“All religious communities have lots of highly committed people, and all religious communities have their share of marginal members whose faith isn’t all that active,” said Green. For pollsters, the challenge is asking questions that help draw lines between “self-identified believers and those who are truly active” in their faith groups, he added.
The American Bible Society, in its “State of the Bible” surveys, has tried to document ways in which beliefs about the Bible, and personal interactions with scripture, separate “practicing Christians” from “self-identified Christians.” This matters, in part, because religious groups containing a high percentage of committed believers usually maintain their members, or even make converts, while other groups struggle to survive.
The most recent ABS survey (.pdf here) was completed last January, with data collected from 3,354 online interviews with adults in all 50 states and the District of Columbia. The American Bible Society began studying these kinds of issues as early as 1812.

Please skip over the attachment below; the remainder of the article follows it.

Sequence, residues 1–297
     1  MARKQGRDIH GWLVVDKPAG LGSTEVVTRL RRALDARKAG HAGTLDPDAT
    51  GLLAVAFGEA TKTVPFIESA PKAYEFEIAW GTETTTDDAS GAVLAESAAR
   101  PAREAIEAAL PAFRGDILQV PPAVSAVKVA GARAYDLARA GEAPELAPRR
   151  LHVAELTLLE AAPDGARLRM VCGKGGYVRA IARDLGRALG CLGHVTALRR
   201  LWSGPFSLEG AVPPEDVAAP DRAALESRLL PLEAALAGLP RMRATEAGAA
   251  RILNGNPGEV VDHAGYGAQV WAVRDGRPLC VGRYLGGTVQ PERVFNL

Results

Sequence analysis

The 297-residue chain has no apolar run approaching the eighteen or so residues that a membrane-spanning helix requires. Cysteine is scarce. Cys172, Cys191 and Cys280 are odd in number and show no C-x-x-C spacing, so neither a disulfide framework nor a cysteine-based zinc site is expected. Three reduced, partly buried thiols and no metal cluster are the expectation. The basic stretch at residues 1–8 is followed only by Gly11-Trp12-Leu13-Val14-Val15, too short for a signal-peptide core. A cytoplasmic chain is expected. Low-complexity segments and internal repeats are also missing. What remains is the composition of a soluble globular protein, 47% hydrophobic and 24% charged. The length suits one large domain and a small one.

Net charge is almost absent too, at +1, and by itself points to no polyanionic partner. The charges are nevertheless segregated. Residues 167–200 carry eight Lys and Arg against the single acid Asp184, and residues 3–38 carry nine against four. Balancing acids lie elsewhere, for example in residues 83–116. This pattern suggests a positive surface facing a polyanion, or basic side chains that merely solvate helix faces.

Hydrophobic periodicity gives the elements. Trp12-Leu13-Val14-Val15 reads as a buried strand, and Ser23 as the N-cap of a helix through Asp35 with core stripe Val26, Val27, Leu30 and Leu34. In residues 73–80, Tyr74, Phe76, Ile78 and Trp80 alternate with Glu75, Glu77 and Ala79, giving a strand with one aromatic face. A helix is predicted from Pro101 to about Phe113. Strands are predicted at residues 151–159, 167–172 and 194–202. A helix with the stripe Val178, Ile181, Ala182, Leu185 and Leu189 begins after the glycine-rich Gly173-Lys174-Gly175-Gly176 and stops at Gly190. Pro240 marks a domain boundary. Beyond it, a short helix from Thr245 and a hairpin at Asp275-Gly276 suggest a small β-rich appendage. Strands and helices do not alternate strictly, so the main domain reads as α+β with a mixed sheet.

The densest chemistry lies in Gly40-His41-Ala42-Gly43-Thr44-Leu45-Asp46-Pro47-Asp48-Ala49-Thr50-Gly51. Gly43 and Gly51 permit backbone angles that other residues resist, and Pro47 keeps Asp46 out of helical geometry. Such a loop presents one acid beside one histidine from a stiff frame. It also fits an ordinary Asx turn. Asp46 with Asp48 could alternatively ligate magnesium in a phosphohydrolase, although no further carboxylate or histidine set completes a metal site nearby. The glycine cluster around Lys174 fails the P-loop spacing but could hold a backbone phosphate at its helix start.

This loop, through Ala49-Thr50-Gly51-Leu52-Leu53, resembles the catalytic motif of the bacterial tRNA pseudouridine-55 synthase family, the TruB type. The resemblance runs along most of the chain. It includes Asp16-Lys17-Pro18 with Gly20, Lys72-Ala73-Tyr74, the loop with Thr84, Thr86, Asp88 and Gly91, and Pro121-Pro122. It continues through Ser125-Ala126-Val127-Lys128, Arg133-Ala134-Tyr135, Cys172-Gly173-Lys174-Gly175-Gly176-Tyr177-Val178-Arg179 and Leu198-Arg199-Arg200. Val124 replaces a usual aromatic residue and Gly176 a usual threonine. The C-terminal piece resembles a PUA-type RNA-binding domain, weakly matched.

In this survey, a “practicing Christians” was defined as someone who “identifies as a Christian, attends a religious service at least once a month” and states that “faith is very important” in his or her life. Thus, said the report, practicing the faith affected their lives “in a transformative way.” Meanwhile, “self-identified Christians” were those who “simply say they believe.” According to this study, in America:
* Evangelical churches include 58% “practicing Christians” and 42% who are “self-identified.”
* Historically Black churches – evangelical, Pentecostal and “mainline” combined – are 31% “practicing” and 69% “self-identified” Christians.
* America’s more liberal “mainline” churches – many of which still contain significant numbers of evangelicals – include 28% “practicing” Christians and 72% “self-identified….”